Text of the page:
Wednesday, February 29, 2012

Who is behind vouchers, and what they're working for

Thanks to Suzanne for this most intriguing link: "The DeVos Family: Meet the Super-Wealthy Right-Wingers Working With the Religious Right to Kill Public Education." I love the links to the players, and their avowed aims.

Model Language for Publishing Contract–Author’s Addendum

Mary Minow, librarian and copyright lawyer, has come up with yet another jewel. This one is something for authors.

She suggests that they add the following language to their publisher contracts:

Author’s Rights To Allow Library Loans

Notwithstanding any terms or conditions to the contrary in any author agreement between Author and Publisher, Author shall retain the non-exclusive, irrevocable, royalty-free right to authorize the loaning of digital copies of Author's work, facilitated by libraries on a one-user-at-a-time basis.

How's that for bold? Authors want readers, and libraries are willing to pay the author for every copy they buy.

The challenge in the 21st century isn't going to be to get published. It will be to get NOTICED. That hand-selling of favorite authors, that recommending to new readers a wonderful new find, are just what libraries are about.

I hope this one will get picked up by LOTS of writers. Well done, Mary!

Thursday, February 23, 2012

The Apostrophocalypse

Just had to go back and remove an apostrophe I'd inserted (in another blog entry) in "hers." I actually typed "her's". The increasing ungrammatical use of the apostrophe can only lead to the entire collapse of civilization. I deeply regret my complicity. I shall strive to do better.

Wednesday, February 22, 2012

The Last One Standing

My article for Public Libraries (the January/February issue of 2012) can be found here.

A companion piece, written by Monique Sendze, Assistant Director of Information Technology for the Douglas County Libraries, is here. Hers is titled, "The E-Book Experiment."

Together, the two do a good job of setting out the issues and defining the broad approach to managing our own e-content.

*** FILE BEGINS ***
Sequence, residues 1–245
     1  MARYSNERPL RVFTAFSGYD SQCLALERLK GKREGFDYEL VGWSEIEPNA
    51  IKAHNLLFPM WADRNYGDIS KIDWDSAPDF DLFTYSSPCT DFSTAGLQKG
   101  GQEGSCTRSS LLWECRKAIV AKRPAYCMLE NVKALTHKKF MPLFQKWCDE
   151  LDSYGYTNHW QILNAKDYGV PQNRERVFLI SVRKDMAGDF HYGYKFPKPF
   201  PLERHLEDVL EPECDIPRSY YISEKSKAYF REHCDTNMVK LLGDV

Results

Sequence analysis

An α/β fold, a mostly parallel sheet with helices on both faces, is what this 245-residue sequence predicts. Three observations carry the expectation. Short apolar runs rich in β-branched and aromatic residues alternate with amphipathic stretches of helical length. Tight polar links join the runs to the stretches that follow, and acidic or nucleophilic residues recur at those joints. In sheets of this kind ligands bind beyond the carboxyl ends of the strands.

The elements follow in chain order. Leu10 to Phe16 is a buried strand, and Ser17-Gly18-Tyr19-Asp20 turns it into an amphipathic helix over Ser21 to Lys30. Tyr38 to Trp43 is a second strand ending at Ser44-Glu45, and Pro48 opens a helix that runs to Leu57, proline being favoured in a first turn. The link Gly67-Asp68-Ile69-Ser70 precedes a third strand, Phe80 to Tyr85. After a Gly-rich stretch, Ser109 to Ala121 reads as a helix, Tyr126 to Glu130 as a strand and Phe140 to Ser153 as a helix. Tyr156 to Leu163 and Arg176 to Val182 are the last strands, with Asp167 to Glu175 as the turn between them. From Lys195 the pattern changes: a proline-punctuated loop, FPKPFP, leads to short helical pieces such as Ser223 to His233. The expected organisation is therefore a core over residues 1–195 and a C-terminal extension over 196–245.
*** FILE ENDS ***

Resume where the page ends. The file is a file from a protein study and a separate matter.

The approach of the Douglas County Libraries has been to focus on solving some problems, not just complaining about them. I believe, as I have said repeatedly, that this is the most exciting time in the history of librarianship -- and of writing. But if we want to do more than be passive observers of sweeping change, then we have to step up our games. Monique's contributions have been enormous.

Sunday, February 19, 2012

Booktype - another open source ebook editing tool

Thanks to Matt Hamilton for this link to another tool. Looks like this one is more collaborative than Sigil. I'll need to set aside some time to dig into these.

Generational apocalypse

I just got off the phone with my daughter, Maddy, now working on her Master's Degree (in Cultural Translation) in Paris.

We got to talking about a recent pattern. People of MY generation (Baby Boomers) stand before people of the rising generation (Millennials) and tell them (the Millennials) that they're screwed. The world, civilization, politics, religion, society, all of it, is crashing to the ground. Run while you can, there's nothing left!

I know we don't want to hear it, but the declining years of the Boomers isn't the apocalypse. It's just a grim reminder that we haven't been very good at running things. The next generation doesn't have to play by our rules. And if they have as much sense as they seem to, they almost certainly won't.

Or as I told Maddy, I once asked a bright and ambitious young librarian what I could do to help her move up through the profession more quickly. "Quit!" she said.

Connie Willis wins Grandmaster

She's already won more Nebula and Hugo awards than any science fiction writer. And now, Connie Willis (author of so many wonderful books, including "Fire Watch," "Lincoln's Dreams," "Doomsday Book," "Remake," "Passage," "To Say Nothing of the Dog," and the recent "Blackout/All Clear" duology) has been awarded the 2011 Damon Knight Memorial Grand Master Award. That puts her in some pretty rarified company -- the writers who defined science fiction. Robert Heinlein. Ray Bradbury. Isaac Asimov. Arthur Clarke.

The honor is absolutely deserved. I know Connie from the days when I was the Library Administrator of the Greeley Public Library, where Connie wrote "Doomsday Book" on her trademark Indian Chief tablets. She is a woman of uncommon insight and intelligence. She also works hard on her writing. This award marks that transition from just a really good writer, a commercial and critical success, to something even harder to come by: someone who produces real literature, grounded in a profoundly wise and warm humanity. I'm proud to know her, and as always, fascinated and moved by her writing.

Skype interview

Recently, I was contacted by Michelle Luhtala, a high school librarian in New Canaan, CT. She interviewed me about my library's ebook publishing venture. Her focus is more on textbooks - which is certainly an interesting area.